Sidney George Stanfield (Stan) was born in Tinui, near Masterton, in 1900. He worked as a farmhand before sailing for war in 1916 with the Wellington Infantry Battalion. He saw action in France and Belgium and at the end of the war was still nearly two years under the age limit for service overseas.
Hear Stan describe his experiences at Passchendaele at the time of the October 1917 offensive.
These extracts of oral history have been edited to facilitate reading / listening.
On being a stretcher-bearer at Passchendaele 12–14 October 1917
It rained and rained and bloody rained, and rained and rained, see. Just like here in the autumn time, when it comes to rain and it was cold. And we were picking them up from a gathering point as a regimental aid post. Well there were hundreds of men laying out, around. You couldn’t get them inside, it was an old German concrete emplacement and you couldn't get them all inside, but the doctors were working inside. And they were just laying around where they’d been dumped by the stretcher-bearers from off the field and at one period I believe there were 600 stretcher cases laying round the place in the wet and cold, just dying there where they were dumped off. They weren’t even laying on stretchers, just laying on the ground with an oil sheet tied over them if anyone thought to do that, or if one of their mates could do it. Just laying there, because the stretchers were used for picking up other men, you see, there couldn’t be a stretcher for every stretcher case. We just carried till you couldn’t carry more. You just went until you couldn’t walk really, you just went until you couldn’t walk.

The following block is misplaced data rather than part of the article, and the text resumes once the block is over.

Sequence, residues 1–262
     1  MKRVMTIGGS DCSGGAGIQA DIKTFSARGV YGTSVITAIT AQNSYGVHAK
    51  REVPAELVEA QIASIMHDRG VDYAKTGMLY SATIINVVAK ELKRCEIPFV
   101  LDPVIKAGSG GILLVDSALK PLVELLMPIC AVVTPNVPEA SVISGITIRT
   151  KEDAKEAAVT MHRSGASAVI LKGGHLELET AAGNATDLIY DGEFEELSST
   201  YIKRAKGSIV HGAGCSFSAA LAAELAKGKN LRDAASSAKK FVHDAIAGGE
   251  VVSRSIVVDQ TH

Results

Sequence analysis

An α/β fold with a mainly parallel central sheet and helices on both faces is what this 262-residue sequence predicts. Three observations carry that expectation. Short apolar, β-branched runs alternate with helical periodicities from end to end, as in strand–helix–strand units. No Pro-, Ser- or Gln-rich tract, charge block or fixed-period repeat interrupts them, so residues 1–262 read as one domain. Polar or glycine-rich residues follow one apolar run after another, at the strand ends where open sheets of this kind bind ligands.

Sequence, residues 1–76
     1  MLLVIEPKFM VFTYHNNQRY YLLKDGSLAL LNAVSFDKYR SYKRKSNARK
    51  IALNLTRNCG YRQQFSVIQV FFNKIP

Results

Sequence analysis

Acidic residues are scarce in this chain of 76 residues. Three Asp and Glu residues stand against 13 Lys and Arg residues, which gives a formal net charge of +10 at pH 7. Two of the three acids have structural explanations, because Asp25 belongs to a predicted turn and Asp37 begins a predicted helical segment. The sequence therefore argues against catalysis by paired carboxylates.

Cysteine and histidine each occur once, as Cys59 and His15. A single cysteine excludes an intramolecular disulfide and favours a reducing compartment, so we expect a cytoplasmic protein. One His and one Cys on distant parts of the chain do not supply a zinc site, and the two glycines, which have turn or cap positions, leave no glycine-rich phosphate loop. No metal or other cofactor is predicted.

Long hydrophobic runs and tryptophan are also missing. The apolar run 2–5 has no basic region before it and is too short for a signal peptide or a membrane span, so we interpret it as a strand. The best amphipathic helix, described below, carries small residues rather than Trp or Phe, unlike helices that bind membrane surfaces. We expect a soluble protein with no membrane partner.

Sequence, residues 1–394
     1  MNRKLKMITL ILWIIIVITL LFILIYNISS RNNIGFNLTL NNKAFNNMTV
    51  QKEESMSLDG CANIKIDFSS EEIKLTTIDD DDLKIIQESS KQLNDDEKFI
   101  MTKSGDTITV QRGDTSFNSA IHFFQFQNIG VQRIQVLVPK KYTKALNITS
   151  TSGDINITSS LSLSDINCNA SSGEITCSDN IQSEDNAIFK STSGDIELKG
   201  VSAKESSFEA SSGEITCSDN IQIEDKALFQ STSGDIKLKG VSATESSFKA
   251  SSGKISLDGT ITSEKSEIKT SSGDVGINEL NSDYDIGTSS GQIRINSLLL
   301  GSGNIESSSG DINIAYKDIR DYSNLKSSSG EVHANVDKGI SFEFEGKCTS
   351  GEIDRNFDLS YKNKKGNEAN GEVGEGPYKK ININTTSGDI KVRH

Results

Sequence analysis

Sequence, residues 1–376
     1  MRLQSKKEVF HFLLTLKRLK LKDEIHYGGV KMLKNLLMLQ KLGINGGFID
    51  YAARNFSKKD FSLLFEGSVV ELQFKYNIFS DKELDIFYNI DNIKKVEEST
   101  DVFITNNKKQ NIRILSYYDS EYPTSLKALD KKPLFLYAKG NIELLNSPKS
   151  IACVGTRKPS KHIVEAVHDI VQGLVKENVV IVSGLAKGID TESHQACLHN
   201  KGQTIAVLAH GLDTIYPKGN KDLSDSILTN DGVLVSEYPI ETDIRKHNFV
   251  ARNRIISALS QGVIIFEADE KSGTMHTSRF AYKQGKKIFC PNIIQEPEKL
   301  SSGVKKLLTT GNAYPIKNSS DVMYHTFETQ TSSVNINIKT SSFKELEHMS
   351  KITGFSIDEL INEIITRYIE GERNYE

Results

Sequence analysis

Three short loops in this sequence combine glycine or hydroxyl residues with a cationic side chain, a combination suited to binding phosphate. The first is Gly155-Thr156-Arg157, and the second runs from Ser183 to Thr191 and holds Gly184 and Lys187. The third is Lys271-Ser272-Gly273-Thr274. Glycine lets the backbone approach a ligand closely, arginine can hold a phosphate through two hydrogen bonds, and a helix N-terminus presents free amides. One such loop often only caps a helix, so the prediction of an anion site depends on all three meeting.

On how infantrymen saw themselves at Passchendaele
An ordinary infantryman at Passchendaele was a pretty dumb beast. That’s how he’s treated, you see. He was only gun fodder and when all is said, and that’s what I feel. We were pretty dumb beasts you see, or we wouldn’t have been slapped, thrown into that sort of warfare, because it was hopeless before you started. We all knew that.
How men died
And poor Jim was laying there cuddled up in a heap as men die. Don’t forget we was all young, we didn’t die easy. You don’t die at once, you’re not shot and killed stone dead. You don’t die at once. We were all fit and highly trained and of course we didn’t die easy, you see. You were slow to die and you’d find them huddled up in a heap like kids gone to sleep, you know, cuddled up dead.
Wounded men at Passchendaele
There was one place at Passchendaele … where we heard a man crying at night out in front and went out and we couldn’t find him and we heard him crying part of the next day. Calling, you know, calling, sort of crying, not screaming or anything, crying out. We just knew there was a wounded man lying down under something you see. We never found that man. That's the only thing that's stuck in my memory. The others, I’ve seen them lay gasping and panting and scratching up the dirt with their fingernails on their face and all crawling around semi-delirious and all sorts of things.
His feelings about the misery of the war
I felt that the war was never going to end. It was going to go on forever. I felt that I would never see the end of the war, that it was not possible. I felt it was not possible that I would survive the war … I can remember feeling at times that I’d be quite happy to engage in any sort of slavery at all if I could be taken away from this, what, misery. Misery.
Sidney Stanfield in 1918.
Mr and Mrs Stanfield.